Show me

Today’s cars aren’t what they used to be

It wasn’t so many years ago that when you bought a car it came with the features and the performance that was designed into it, and that was that. If you wanted to change or improve anything, you either headed down to your friendly mechanic with a request to alter or add something, or if you were mechanically inclined, you did it yourself. Need to improve the handling? Fit better springs and shock absorbers. Want more speed? Add a turbocharger, fit extractors, or perhaps a better carburettor (young people – ask your parents about those carburettor things).

Well, those days are disappearing, and they’re disappearing fast. In an age when cars are becoming computers with a wheel on each corner, we’re seeing an increasing number of carmakers reprogramming the performance of their cars over the air. In many cases, the car you were driving yesterday behaves differently to the one you’re driving this morning after last night’s over the air (OTA) update. It’s all part of the brave new world of motoring that’s changing everything.

Those updates can be as modest as loading the latest maps to the navigation system or as fundamental as entirely new features, better brakes and on-road performance. It all started with Tesla back in 2012 with its Model S. At the time, the motoring world was agog at its massive screen in the centre of the dash replacing all those switches and buttons.

Tesla may have been trendsetters, but others soon followed, with everyone from Audi to Volvo offering some form of OTA updates. Ford is one of them. Its upcoming Ranger ute will have no less than 50 electronic modules capable of being updated OTA, enabling the owner to benefit from constant updates to on-road and off-road performance over the vehicle's life.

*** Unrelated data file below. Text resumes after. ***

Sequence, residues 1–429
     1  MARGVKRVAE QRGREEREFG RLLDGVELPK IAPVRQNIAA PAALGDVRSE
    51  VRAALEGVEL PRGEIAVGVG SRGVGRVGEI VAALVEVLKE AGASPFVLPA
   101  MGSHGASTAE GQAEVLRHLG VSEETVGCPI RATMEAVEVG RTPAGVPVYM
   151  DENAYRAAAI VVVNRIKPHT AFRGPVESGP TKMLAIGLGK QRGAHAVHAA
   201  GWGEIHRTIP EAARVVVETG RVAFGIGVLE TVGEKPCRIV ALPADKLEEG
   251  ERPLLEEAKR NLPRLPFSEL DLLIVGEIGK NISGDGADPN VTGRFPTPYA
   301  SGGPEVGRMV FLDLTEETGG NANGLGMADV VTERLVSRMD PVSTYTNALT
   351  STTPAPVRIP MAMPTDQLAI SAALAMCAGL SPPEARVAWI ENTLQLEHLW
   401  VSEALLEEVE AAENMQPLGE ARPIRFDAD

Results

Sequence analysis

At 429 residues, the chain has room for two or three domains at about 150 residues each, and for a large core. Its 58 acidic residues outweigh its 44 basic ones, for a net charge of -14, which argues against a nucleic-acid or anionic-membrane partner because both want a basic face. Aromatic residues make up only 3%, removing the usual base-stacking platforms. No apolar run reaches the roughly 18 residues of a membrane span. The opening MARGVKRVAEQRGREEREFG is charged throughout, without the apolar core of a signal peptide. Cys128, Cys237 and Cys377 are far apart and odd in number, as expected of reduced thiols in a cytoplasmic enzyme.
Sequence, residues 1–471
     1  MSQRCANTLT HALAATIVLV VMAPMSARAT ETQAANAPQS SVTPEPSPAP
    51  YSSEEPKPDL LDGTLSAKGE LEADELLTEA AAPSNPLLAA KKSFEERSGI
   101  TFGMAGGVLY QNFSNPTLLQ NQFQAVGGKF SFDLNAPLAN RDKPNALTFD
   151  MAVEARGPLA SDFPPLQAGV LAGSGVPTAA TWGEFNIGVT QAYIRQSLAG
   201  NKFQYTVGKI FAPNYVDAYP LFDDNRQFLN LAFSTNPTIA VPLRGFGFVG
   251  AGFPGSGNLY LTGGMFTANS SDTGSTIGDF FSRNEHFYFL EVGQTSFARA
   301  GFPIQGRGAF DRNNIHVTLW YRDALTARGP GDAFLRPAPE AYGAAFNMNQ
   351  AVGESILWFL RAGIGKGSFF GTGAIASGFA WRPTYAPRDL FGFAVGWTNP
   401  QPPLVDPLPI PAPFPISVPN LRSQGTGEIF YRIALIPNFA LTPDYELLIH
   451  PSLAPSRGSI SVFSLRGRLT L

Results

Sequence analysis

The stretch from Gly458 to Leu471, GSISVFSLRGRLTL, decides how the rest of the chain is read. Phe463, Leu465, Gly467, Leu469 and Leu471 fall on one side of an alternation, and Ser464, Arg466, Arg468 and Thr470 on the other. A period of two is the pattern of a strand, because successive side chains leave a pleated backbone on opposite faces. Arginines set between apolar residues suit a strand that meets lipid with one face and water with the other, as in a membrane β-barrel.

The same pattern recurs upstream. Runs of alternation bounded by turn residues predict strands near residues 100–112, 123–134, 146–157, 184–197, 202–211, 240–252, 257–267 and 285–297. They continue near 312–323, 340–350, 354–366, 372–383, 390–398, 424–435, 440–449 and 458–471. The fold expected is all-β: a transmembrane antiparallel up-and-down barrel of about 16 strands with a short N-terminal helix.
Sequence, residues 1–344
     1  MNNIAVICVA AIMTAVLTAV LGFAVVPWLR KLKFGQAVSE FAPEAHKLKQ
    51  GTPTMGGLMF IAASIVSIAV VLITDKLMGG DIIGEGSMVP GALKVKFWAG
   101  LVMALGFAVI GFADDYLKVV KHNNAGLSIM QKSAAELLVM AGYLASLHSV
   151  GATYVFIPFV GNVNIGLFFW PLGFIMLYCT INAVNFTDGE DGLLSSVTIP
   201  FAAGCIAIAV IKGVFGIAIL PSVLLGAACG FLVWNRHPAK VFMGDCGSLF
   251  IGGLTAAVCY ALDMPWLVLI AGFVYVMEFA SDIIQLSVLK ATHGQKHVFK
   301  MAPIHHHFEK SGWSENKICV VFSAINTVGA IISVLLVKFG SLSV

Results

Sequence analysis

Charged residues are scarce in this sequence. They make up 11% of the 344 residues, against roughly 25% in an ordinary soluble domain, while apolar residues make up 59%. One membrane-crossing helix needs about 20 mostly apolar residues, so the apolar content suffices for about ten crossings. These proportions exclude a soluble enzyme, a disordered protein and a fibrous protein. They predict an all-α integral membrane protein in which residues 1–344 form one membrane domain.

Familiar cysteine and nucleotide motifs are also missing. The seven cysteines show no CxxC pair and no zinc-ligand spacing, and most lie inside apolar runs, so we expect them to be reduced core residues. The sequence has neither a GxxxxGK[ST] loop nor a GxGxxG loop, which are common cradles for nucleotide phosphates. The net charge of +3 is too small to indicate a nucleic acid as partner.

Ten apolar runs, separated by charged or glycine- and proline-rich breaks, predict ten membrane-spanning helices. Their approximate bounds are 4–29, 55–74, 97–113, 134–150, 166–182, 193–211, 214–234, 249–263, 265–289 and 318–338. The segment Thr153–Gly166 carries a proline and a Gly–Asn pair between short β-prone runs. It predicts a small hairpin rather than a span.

Yet despite that, there are some surprising laggards regarding OTA, including Nissan, Renault, Mazda, and, surprisingly, Ferrari. Well, perhaps the famed Italian maker thinks its exotic machinery is perfetto straight off the production line, and no improvement is possible.

How carmakers go about it, and how frequently they do it, varies from maker to maker. But essentially, they upload software to their servers, then the car’s inbuilt computer accesses it either through its inbuilt modem or perhaps through the internet using Wi-Fi, then makes the alterations. It’s essentially the same process as updating the operating system on your mobile phone or computer. In the case of the car, the software can either be updated in the background while you’re driving it, or perhaps overnight at a scheduled time while it’s stationery.

It’s all good news for the owners who enjoy the benefits of a car that’s constantly upgraded, potentially making it safer with better performance and features, and all without the hassle of taking it to a dealership for that upgrade.

Getting your hands on such a vehicle can be as easy as taking out a Fleetcare novated lease on vehicles such as the Tesla Model 3, Tesla Model Y Long Range, BYD Seal Dynamic, or the Kia Niro Electric Sport. They’re just some of the exciting vehicles on offer in our novated lease showroom with OTA technology.

For a chat about the many benefits of a Fleetcare Novated lease, contact Fleetcare today on 134 333.

Written by
Mark Schneider

Mark is a successful copywriter with over 20 years of professional writing experience.

We welcome him as a guest blogger to Fleettorque.

Related articles

Get in touch with our friendly team